Democratic Presidential contender Hillary Rodham Clinton says words don’t matter in an election campaign — unless those words provide fodder to attack an opponent and she and presumptive Republican nominee John McCain are teaming up to try and make Barack Obama pay for his "bitter" words about small-town voters.
Which puts Obama on the defensive, a place he doesn’t want to be as he tries to seal the Democratic nomination and put Hillary away.
In this case, Obama’s words came back to bite him when, at a San Francisco fund raiser, he made these comments about Pennsylvania voters:
But the truth is, is that, our challenge is to get people persuaded that we can make progress when there’s not evidence of that in their daily lives. You go into some of these small towns in Pennsylvania, and like a lot of small towns in the Midwest, the jobs have been gone now for 25 years and nothing’s replaced them. And they fell through the Clinton administration, and the Bush administration, and each successive administration has said that somehow these communities are gonna regenerate and they have not. And it’s not surprising then they get bitter, they cling to guns or religion or antipathy to people who aren’t like them or anti-immigrant sentiment or a way to explain their frustrations.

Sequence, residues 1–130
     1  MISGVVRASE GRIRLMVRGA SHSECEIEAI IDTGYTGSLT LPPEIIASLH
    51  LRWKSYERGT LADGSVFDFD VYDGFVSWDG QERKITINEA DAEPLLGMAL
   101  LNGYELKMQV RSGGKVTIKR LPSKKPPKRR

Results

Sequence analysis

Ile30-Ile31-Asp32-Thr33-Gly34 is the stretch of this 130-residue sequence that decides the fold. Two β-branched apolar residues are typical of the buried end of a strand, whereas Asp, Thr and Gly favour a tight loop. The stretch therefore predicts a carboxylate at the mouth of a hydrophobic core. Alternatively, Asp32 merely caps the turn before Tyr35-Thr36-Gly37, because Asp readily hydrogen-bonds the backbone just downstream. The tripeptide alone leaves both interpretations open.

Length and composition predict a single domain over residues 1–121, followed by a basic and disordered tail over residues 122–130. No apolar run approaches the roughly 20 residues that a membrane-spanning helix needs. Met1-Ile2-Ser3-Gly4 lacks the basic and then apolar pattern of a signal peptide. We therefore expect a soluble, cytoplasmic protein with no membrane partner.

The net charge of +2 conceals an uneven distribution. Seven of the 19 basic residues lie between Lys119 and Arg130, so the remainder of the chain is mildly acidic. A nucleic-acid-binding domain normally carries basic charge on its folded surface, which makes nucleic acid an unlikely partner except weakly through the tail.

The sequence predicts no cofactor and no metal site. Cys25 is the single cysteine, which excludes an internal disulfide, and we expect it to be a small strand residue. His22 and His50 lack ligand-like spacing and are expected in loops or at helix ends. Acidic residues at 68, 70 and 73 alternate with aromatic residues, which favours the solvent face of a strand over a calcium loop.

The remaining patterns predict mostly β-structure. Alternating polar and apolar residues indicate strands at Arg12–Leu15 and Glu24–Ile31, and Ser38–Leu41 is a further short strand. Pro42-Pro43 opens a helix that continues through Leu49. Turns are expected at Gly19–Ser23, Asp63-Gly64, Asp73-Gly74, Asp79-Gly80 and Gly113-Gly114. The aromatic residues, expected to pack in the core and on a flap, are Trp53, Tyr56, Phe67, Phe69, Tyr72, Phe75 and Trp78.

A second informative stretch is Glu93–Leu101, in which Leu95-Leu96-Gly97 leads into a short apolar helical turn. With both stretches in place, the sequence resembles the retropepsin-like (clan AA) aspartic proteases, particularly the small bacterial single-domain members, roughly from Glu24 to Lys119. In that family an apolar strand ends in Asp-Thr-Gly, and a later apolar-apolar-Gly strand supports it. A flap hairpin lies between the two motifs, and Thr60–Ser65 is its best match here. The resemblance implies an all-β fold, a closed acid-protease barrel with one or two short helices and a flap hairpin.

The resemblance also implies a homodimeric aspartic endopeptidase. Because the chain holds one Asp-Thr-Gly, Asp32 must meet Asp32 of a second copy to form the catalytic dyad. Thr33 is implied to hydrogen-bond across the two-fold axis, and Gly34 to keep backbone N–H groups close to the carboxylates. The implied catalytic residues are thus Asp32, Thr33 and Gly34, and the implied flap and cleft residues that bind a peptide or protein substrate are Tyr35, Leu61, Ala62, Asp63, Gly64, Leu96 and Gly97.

Clinton pounced. So did McCain. Both campaigns called on Obama to apologize. He finally admitted his words were "ill chosen."
But is the damage enough to cripple his front-running campaign? Probably not. And the furor overlooks a sad, but simple, set of facts:
- Small town voters in Pennsylvania are bitter.
- They do cling to their guns and religion.
- Too many of them are also ignorant, intolerant and racist.
- And they are just the kind of voters Hillary Clinton needs.